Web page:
In politics, we are told, anything can happen. A week is an eternity and the predictions of experts may prove useless.
For Canada’s federal New Democrats this credo — the possibility of a bright future — is the only good news. Because right now, the party is languishing. It is low in the polls, starved of money and largely invisible
Within party ranks, much of the blame is placed at the feet of its new leader, Jagmeet Singh. A bitter slogan, “Singh or swim,” is making the rounds.
Indeed, Singh has not delivered. He won the NDP leadership on a promise to expand the party’s reach, particularly among suburbanites and new immigrants.
So far, that hasn’t happened. The party’s performance in byelections has been tepid. The gains it had made in Quebec under Jack Layton and Thomas Mulcair are threatened.
In British Columbia, the Greens are siphoning off traditional NDP supporters. One prominent New Democrat is even thinking of running for the Greens.
In Alberta, the federal party’s anti-pipeline position is earning it no friends. Linda Duncan, the party’s sole MP in Alberta says she won’t run in October’s federal election. Her Edmonton seat is not likely to remain New Democrat.
Singh has also managed to antagonize almost the entire Saskatchewan wing of the party. He has done so by evicting Regina MP Erin Weir from caucus for the crime of being socially inept — a sin that put the popular New Democrat in the crosshairs of the Me Too movement (Weir was accused of standing too close to some women and talking too much to others).
Even in Toronto, where the NDP has a chance of winning back some of the seats it lost to Justin Trudeau’s Liberals four years ago, party activists are demoralized.
Talk of using the so-called Leap Manifesto to revitalize the NDP and point it in a more activist direction has produced little.
Is this all Singh’s fault? Certainly, he hasn’t helped. He won the leadership on the poetic slogan of “love and courage.” But he has not managed to translate this into anything real.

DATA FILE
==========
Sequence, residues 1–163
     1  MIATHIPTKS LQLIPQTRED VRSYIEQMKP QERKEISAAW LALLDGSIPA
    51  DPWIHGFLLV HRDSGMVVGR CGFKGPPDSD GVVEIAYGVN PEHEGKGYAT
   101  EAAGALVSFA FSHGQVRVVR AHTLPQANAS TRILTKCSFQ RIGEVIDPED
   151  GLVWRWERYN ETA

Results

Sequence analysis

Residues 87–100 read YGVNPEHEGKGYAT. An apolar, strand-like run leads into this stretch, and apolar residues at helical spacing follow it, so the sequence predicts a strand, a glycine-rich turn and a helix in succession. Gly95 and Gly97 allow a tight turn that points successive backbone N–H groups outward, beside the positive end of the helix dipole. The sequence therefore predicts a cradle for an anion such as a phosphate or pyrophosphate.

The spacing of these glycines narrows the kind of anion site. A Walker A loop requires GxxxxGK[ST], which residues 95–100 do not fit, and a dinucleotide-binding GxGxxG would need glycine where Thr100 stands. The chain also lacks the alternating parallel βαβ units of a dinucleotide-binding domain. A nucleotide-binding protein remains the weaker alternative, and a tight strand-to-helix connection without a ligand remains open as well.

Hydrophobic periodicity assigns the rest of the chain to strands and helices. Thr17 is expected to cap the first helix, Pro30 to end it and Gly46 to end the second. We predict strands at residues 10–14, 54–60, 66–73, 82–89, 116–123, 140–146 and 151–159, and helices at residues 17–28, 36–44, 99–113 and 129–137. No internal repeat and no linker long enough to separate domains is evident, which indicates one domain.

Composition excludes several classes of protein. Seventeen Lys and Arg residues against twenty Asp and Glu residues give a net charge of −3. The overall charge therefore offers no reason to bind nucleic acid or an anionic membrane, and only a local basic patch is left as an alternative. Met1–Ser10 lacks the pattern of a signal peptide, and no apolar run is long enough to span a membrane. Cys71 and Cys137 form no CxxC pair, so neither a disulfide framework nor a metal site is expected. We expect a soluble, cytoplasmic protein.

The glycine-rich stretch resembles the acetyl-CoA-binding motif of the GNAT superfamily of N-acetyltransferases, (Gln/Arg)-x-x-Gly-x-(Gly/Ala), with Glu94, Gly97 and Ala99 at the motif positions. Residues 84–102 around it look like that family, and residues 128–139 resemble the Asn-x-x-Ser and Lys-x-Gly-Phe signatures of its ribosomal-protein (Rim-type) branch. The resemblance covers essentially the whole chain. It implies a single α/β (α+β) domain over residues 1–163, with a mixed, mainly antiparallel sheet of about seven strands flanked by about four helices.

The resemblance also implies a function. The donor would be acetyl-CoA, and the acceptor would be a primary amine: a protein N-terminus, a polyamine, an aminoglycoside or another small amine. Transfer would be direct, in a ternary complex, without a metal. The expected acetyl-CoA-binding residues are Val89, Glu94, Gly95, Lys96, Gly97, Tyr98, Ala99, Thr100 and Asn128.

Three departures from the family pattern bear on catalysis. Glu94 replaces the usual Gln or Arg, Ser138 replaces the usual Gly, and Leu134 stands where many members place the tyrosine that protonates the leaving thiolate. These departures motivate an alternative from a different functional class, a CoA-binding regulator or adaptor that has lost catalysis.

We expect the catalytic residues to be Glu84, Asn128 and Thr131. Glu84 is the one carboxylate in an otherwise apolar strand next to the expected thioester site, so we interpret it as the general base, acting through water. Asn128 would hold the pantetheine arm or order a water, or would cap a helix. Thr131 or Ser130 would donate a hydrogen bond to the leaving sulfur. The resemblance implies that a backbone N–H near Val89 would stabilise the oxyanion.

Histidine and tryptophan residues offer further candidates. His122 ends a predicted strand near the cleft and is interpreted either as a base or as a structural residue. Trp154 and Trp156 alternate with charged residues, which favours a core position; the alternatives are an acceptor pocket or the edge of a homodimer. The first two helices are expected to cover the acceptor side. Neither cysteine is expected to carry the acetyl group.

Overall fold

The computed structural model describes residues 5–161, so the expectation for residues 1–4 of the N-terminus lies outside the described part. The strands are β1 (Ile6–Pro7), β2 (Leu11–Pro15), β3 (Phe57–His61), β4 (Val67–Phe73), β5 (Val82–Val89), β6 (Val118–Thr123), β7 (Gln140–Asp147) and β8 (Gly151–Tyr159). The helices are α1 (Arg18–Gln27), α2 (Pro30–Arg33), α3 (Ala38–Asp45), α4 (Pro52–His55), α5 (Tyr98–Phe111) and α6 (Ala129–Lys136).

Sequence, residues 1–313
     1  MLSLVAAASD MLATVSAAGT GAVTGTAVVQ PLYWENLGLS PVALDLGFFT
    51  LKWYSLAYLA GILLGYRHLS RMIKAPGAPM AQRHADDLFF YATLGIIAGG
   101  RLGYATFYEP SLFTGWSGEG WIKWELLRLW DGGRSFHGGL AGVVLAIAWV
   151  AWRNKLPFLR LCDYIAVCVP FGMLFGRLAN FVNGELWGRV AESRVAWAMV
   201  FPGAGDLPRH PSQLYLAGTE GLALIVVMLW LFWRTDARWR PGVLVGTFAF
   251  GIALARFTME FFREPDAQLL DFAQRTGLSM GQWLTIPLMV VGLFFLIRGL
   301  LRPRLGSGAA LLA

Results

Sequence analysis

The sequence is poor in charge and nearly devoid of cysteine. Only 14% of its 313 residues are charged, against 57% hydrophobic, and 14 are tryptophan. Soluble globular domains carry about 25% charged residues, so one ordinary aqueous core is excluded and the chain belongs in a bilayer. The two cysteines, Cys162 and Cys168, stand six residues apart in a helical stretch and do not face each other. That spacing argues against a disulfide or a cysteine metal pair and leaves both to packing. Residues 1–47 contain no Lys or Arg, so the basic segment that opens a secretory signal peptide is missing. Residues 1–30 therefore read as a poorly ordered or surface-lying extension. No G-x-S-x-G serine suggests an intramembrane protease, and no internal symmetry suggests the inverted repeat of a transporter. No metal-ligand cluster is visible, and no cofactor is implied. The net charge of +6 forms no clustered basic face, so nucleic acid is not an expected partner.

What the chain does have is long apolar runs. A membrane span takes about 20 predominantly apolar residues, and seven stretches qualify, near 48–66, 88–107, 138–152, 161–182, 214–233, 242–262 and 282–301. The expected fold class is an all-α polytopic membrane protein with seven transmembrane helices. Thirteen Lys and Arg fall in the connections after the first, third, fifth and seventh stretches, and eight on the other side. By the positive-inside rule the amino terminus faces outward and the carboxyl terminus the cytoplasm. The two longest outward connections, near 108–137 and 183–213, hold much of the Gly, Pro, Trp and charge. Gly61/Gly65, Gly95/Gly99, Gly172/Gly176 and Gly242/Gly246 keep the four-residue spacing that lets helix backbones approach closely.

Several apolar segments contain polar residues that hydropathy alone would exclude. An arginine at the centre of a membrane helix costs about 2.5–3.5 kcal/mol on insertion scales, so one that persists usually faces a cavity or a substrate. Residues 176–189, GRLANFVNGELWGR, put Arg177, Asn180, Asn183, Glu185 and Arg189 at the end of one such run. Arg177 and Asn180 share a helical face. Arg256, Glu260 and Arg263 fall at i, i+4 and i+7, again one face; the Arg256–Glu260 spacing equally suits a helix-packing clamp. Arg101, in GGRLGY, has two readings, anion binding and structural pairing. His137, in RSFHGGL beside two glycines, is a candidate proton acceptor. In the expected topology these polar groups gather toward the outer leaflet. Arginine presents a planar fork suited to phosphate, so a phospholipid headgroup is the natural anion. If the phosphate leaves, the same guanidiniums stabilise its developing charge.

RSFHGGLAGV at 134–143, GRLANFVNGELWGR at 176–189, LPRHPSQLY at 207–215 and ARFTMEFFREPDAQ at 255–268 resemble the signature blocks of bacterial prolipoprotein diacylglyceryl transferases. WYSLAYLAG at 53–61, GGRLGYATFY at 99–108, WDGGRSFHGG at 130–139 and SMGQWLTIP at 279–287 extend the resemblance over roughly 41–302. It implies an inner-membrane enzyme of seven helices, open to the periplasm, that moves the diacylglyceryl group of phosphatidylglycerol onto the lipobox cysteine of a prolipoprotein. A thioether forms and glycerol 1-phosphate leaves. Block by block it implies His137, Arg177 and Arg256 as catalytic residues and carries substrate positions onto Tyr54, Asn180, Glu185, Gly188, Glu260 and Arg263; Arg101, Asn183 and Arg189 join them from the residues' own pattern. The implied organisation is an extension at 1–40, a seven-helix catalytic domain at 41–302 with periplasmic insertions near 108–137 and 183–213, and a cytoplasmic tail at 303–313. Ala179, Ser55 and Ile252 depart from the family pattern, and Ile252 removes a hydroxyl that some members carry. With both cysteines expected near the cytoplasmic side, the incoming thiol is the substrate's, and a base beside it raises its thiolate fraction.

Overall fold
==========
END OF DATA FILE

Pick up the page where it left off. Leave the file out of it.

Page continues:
Indeed, the most memorable promise he made during that campaign was to eliminate what’s left of the universal Old Age Security program for seniors and wrap any savings into a new means-tested benefit for the elderly poor.
It was a bold move if for no other reason than it ran counter to party policy. Luckily for Singh, few paid much attention to it.
In fact, few have paid much attention at all to Singh. He initially chose not to seek a seat in the Commons in order to spend more time building the party across Canada. But the party remains unbuilt and Singh remains unnoticed.
Now he has changed his strategy and plans to run in a B.C. byelection. If he wins, he will enter the Commons just a few months before it shuts down for the next federal election campaign — raising the question as to why he is even bothering.
If he loses (as some New Democrats privately hope), he will be under pressure to step down as leader.
But Singh alone isn’t responsible for the NDP’s travails. The party remains confused about where it stands on the big issues of the day. It opposes building pipelines to move bitumen from Alberta but is vague about the future of the tarsands themselves.
It supports electoral reform. But, as the results from a recent B.C. referendum suggest, the general public does not.
The party’s position on free-trade deals seems indistinguishable from that of the Liberals.
The NDP has still not recovered from Trudeau’s feint to the left during the 2015 election campaign. Its response has been that the devious Liberals can’t be trusted to deliver on their promises.
But the problem with this strategy is that sometimes the devious Liberals do deliver — as they did with the legalization of marijuana and the Canada child benefit.
All of which leaves New Democrats in a terrible quandary. What can they realistically offer that the Liberals have not already promised? And who is this guy Jagmeet Singh anyway?
Thomas Walkom is a Toronto-based columnist covering politics. Follow him on Twitter: @tomwalkom